range and hydrophone depth are always the same.
propeller design, are completely missing. Considera-
Results are then converted to a standard distance of 1
tions are made almost exclusively for older ships.
m by assuming spherical spreading, which is
Two publications [3], [4] compare measurements in a
cavitation tunnel with measurements in full scale for Measuringr ange[m ]
the pressure at the hull above the propeller. L1m [ dB ] Lreceived 20 log( )
1[ m ]
Another complexity is the difficulty in measuring
For a typical measuring range of 100 m, 40 dB have
merchant ships at sea under varying distances and
to be added to measured level. By definition this
environmental conditions. Special considerations
calculations yields the source level at the reference
have to be taken into account at frequencies below
distance of 1 m.
about 100 Hz, as a consequence of the short distance
between the source and the hydrophone to the water
This is justified, if conditions are always the same and
surface. There is no standard for this kind of mea-
comparability is ensured.
surement.
If measurements are made at variable distances, the
[5] is an example for modern measurements of pass-
true source level must be found to compare measure-
ing ships which cover the full frequency range.
ments made at the respective distances. For this, it
must be taken into considerations that there is not
The only comprehensive measurement of a single
only a propagation path from the source to the hydro-
ship is described in [6], figure 2.
phone but also one which is reflected at the surface.
As air is soft compared to water, this reflection goes
The reason for the level below 300 Hz and the maxi-
along with a phase shift of 180. The superposition of
mum at around 50 Hz are broad band contributions
the two propagations paths lead to a noise radiating
from propeller cavitation. They are considered as a
behavior which is best described by a dipole radiator
consequence for stochastic parts of otherwise periodic
for low frequencies. At higher frequencies an interfe-
cavitation [7] or in the behavior of the cavitating tip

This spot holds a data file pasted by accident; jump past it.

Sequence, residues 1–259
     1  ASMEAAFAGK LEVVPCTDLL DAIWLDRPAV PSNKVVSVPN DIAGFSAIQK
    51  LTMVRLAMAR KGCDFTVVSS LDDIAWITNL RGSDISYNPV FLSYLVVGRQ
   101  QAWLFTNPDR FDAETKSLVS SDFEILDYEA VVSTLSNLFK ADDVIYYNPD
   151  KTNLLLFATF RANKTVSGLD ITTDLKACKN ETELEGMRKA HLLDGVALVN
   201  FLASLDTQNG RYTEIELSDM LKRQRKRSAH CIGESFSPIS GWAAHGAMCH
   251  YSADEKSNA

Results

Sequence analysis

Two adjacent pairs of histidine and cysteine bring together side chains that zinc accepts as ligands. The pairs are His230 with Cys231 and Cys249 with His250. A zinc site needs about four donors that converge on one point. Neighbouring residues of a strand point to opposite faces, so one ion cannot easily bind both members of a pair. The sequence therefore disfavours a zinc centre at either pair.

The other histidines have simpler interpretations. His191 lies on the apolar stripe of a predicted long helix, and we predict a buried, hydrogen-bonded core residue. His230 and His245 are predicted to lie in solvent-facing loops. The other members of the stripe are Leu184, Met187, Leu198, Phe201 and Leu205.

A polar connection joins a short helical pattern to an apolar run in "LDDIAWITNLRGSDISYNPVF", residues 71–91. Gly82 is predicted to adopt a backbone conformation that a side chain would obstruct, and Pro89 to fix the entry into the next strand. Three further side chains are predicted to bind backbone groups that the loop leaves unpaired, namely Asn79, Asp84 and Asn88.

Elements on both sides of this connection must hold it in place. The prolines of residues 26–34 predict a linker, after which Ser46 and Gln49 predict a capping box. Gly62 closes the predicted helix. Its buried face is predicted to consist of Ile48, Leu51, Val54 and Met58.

rence pattern is observed. For details see [9] or other
textbooks. For a typical geometry the propagation loss The characteristics of a high pass filter was removed
is described in figure 3. from the recorded levels in post processing. During
the pass the respective vessel was hailed and speed
For this particular geometry the actual propagation and shaft rate be enquired. With an assumed blade
loss increases with decreasing frequency below 300 number of the propeller and the blade rate harmonics
Hz. It is 30 dB higher at 10 Hz compared to spherical in the spectrum it was verified that the passing ships
spreading. Above 300 Hz the said interference pattern was recorded and not a noisier, more distant one.
is observed where values fluctuate around constant Distance was estimated by using the navigation radar.
spherical spreading (54 dB).
Results were recalculated to unit distance. For up to
In waves the surface of the sea does not represent a 25 Hz cylindrical spreading and above 250 Hz spheri-
flat mirror. Following the relationship of acoustic cal spreading was assumed taking account of the
wave lengths and surface wave lengths the reflected increasing absortiveness of the bottom with frequen-
part of radiated noise may be scattered or undergo cy. Between 25 and 250 Hz an empirical transition
reflection in different directions. It has to be expected was estimated.
that propagation loss may deviated from what is
shown in figure 3. A typical example for the noise level of a container-
ship is shown in figure 4. The high levels at low fre-
If measuring distance is even larger so that reflections quencies are understood as a consequence of the
at the bottom have to be taken into account the re- propagation characteristics described above. Blade
ceived level may also be dependent on the acoustic rate harmonics can easily be identified. Above about
properties of the bottom. E.g. for reflective bottoms, 100 Hz the characteristic signature of a 4-stroke diesel
like rock, at long distances cylindrical spreading engine with 600 rpm, the auxiliary diesels, can be
would be observed. seen. There is a gap where levels cannot easily be
attributed to a source due to lack of identifying fea-
For very large distances, sound waves propagate in tures. They could be broad band contributions from
channels as a result of layers in the sea. Propagation cavitation or the main engine.